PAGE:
Chicago-based startup GrubHub, a service that lets you order food for delivery or take out from local restaurants online or by mobile phone, has raised $50 million in Series E funding led by Lightspeed Ventures with Mesirow Financial, Benchmark Capital, Greenspring Associates and DAG Ventures participating. The company has also acquired New York-based food delivery network Dotmenu, the parent company of Campusfood and Allmenus. This brings GrubHub’s total funding to $84 million.
GrubHub gives its users access to food delivery service from more than 13,000 restaurants in U.S. cities including: New York, Chicago, San Francisco, Oakland, Boston, Los Angeles, Washington DC, Philadelphia, San Diego, Seattle, Portland, Denver and Boulder.
GrubHub is free for diners who order and pay for their meals with while restaurants pay
commissions on each order processed. Restaurants that do not currently partner with GrubHub can still list their telephone numbers and menus for free. And of the 13,000 restaurant menus currently available on GrubHub, 5,000 establishments are paying GrubHub to manage and market a white-label online order and food delivery service.
Dotmenu has a foothold in menus and food delivery in the college market (with a presence in over 300 markets in the U.S.), and through the acquisition, GrubHub says it will have the largest restaurant listing platform in the country with 250,000 restaurant menus in over 50 major cities and college towns across the US. The two companies are projected to send over $225 million in combined order revenues to independent restaurants in 2011.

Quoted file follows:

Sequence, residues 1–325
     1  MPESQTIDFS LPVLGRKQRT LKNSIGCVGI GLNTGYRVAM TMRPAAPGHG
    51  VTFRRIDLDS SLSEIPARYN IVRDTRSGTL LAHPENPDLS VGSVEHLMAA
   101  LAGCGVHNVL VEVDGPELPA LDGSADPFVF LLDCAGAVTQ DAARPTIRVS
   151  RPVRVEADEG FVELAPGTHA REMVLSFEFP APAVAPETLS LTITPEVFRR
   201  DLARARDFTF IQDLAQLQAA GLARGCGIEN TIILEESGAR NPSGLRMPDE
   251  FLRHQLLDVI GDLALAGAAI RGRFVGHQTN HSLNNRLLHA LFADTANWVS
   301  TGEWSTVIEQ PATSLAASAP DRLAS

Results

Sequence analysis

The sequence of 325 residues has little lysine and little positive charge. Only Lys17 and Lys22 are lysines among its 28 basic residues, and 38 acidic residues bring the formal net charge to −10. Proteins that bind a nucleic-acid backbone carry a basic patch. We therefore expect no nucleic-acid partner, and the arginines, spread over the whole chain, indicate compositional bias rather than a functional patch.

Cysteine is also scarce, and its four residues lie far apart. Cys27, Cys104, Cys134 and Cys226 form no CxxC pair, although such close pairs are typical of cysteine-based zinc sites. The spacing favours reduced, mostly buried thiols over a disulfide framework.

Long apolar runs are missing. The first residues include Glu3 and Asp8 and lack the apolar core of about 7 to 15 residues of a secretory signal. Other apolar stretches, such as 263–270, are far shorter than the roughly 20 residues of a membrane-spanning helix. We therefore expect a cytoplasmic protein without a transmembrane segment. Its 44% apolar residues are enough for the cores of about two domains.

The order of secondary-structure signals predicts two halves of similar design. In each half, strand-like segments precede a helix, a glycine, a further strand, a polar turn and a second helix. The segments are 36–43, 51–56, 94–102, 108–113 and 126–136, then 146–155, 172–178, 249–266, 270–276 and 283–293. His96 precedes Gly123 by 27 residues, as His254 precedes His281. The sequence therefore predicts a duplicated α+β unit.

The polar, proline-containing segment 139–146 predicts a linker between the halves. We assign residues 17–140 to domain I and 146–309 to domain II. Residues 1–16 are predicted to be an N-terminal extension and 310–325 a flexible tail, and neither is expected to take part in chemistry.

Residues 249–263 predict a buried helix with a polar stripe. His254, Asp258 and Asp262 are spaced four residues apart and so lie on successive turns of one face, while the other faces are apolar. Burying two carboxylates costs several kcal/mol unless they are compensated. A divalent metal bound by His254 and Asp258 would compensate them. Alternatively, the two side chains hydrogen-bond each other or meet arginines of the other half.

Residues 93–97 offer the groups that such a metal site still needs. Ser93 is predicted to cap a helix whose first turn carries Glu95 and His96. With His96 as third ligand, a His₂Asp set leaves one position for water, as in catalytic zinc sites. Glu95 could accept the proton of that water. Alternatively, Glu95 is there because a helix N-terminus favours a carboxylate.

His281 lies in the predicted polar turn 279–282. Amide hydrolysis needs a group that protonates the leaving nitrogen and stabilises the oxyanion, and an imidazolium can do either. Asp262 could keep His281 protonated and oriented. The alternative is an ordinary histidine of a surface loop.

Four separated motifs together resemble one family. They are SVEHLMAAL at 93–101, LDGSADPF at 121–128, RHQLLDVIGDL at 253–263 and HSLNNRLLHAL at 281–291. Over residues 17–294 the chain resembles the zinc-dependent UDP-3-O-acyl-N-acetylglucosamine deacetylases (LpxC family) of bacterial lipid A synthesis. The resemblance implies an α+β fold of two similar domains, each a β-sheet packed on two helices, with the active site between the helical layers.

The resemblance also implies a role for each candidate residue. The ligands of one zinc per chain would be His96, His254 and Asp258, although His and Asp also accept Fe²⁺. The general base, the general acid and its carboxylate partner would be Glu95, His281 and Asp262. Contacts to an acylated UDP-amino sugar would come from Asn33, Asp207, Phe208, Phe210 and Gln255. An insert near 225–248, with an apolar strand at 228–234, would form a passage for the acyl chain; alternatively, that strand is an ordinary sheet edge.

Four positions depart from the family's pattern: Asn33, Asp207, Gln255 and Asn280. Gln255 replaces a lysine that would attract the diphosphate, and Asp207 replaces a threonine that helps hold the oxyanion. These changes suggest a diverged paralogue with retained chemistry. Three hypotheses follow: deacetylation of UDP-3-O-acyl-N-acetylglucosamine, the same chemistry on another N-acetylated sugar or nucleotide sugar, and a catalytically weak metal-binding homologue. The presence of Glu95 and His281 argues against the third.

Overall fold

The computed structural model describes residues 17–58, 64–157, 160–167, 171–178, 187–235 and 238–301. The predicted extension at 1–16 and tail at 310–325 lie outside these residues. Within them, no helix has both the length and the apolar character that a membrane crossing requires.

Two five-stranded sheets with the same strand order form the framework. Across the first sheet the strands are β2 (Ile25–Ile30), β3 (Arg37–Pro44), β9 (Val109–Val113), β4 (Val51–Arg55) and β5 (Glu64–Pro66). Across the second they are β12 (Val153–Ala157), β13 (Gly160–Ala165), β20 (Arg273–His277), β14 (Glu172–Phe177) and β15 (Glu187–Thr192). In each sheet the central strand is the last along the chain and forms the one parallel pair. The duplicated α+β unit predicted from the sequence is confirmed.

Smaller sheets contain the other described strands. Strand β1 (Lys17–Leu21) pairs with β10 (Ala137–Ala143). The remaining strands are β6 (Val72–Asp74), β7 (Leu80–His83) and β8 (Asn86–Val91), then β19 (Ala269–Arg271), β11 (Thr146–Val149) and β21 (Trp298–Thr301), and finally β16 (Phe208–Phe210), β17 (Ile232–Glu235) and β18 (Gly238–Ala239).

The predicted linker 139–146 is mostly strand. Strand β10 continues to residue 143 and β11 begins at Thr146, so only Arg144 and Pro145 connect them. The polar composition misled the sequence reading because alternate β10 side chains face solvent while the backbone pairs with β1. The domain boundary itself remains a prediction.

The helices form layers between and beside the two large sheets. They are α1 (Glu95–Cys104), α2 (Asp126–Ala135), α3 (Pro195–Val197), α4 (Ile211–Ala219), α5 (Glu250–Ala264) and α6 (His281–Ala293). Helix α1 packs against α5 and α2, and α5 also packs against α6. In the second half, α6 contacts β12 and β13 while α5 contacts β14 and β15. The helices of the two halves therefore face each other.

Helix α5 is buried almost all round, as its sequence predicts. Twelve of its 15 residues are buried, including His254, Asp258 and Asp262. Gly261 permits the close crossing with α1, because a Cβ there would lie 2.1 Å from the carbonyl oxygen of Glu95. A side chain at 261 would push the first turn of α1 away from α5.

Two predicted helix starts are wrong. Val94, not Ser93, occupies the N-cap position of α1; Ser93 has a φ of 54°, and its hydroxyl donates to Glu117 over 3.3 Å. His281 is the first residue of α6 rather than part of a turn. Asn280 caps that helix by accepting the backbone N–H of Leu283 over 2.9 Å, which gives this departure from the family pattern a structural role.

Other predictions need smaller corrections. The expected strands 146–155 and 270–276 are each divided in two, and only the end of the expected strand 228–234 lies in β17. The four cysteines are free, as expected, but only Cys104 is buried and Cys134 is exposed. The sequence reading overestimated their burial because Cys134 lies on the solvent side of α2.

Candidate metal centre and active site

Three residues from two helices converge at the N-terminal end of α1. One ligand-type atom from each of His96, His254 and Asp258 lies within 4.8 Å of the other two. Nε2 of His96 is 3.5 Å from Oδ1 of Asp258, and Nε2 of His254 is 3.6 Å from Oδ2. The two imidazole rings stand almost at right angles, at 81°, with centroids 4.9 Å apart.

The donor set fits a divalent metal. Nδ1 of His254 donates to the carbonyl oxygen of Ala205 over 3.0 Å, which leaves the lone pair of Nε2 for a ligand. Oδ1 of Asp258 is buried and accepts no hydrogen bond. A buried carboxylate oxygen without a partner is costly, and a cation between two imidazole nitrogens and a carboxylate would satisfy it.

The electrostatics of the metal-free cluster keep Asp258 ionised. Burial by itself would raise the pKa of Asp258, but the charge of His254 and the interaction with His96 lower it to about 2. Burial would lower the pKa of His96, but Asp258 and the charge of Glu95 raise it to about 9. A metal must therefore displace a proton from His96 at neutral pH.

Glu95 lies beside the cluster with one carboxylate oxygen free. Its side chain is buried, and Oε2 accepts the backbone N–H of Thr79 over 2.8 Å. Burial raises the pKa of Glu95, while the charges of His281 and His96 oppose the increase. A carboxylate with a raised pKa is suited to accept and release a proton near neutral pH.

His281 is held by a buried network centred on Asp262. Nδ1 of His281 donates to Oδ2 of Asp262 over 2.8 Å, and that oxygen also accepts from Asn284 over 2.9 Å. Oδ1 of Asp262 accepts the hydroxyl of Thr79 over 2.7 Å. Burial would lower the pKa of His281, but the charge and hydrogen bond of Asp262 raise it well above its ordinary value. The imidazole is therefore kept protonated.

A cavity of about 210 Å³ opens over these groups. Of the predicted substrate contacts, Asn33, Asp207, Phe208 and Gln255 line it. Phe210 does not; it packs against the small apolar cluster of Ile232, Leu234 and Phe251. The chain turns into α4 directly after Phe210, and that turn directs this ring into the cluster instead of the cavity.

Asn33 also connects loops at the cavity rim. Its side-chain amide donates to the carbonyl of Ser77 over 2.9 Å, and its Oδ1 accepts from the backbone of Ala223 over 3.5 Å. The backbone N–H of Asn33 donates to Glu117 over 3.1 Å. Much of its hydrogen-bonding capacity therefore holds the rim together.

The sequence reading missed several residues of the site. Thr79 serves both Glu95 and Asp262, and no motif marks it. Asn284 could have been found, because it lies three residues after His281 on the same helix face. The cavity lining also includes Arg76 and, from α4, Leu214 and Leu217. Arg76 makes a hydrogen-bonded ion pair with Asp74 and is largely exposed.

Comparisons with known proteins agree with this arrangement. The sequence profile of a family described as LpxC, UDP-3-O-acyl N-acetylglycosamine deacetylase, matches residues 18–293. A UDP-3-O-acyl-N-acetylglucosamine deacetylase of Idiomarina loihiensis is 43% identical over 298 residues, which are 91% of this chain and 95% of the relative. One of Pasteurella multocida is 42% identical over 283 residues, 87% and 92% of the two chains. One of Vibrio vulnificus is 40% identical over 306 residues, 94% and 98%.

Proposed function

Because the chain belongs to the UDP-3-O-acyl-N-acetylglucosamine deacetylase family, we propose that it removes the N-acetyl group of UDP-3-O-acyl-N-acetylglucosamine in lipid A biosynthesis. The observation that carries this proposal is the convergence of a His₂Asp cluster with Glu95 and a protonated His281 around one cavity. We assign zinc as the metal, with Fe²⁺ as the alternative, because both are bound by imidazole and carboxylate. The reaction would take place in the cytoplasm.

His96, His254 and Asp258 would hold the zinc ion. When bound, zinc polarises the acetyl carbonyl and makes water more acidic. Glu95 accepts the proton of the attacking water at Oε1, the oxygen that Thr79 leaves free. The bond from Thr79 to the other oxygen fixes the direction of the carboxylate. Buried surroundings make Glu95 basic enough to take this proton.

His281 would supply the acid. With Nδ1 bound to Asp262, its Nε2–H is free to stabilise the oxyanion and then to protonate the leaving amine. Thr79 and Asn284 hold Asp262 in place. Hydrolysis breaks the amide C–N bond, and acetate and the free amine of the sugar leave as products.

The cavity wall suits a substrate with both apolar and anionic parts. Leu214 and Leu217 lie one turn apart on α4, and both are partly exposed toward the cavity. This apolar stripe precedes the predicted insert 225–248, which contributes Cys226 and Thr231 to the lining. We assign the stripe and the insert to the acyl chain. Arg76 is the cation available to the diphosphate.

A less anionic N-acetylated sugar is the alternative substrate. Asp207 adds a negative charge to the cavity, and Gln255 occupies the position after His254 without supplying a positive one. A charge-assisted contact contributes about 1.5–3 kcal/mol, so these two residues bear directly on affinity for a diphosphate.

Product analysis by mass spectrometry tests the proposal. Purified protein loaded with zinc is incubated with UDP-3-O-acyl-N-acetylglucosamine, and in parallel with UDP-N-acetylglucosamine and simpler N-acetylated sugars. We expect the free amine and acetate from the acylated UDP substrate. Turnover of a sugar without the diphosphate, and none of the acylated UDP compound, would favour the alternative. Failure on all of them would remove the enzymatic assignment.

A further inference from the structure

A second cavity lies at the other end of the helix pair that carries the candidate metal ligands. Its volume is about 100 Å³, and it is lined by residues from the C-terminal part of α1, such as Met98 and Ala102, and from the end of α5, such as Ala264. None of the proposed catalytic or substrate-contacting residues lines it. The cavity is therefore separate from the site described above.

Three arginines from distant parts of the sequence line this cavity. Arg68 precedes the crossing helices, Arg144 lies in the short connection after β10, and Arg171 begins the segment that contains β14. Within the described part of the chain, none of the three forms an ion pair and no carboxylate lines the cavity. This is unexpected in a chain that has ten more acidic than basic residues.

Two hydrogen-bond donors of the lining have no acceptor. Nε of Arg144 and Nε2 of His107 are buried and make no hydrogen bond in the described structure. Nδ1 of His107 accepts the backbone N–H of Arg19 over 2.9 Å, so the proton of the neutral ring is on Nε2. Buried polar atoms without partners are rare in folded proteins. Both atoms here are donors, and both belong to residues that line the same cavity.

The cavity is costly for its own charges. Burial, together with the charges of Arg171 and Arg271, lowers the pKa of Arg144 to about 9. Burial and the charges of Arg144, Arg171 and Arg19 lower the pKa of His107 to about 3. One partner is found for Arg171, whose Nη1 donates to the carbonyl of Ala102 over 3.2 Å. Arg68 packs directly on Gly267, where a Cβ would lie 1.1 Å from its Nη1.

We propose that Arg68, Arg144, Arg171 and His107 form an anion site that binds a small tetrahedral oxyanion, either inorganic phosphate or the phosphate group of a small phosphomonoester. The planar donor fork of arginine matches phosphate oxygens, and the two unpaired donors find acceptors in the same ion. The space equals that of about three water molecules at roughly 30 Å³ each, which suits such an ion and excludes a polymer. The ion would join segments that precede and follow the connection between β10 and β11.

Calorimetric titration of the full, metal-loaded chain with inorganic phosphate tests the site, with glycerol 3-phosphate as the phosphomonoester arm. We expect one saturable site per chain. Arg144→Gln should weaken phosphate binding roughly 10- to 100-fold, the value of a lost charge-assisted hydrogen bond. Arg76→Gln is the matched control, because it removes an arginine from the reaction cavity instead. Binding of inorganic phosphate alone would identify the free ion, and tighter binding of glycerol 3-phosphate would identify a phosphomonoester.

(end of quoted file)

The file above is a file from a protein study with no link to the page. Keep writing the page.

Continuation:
Benchmark’s Bill Gurley sais this of the deal and GrubHub: By combining its ability to aggressively scale its footprint and mobile platforms with Dotmenu’s proven leadership in college markets across the country, GrubHub is the clear leader in the online ordering space…This move will make GrubHub a household name, such as Benchmark’s other on-line portfolio companies OpenTable, Yelp and Zillow.
GrubHub founder Matt Maloney has a goal of taking GrubHub public, also following in the footsteps of OpenTable, which filed for an IPO back in 2009. “Going public is a very realistic opportunity for us within the next two years,” Maloney told us in March when the company raised $20 million.
At the time, Maloney said GrubHub had experienced a 300 percent increase in mobile food orders since last Fall and projects projects mobile orders to make up 20 percent of its total food sales by the end of 2011, which is compared to less than two percent in 2009 (mobile food orders accounted for 10 percent of total food sales in 2010).
Maloney said the acquisition price of Dotmenu was under $50 million. He also added that this year’s revenue will be over $30 million, up from $8.5 million in 2010 revenue.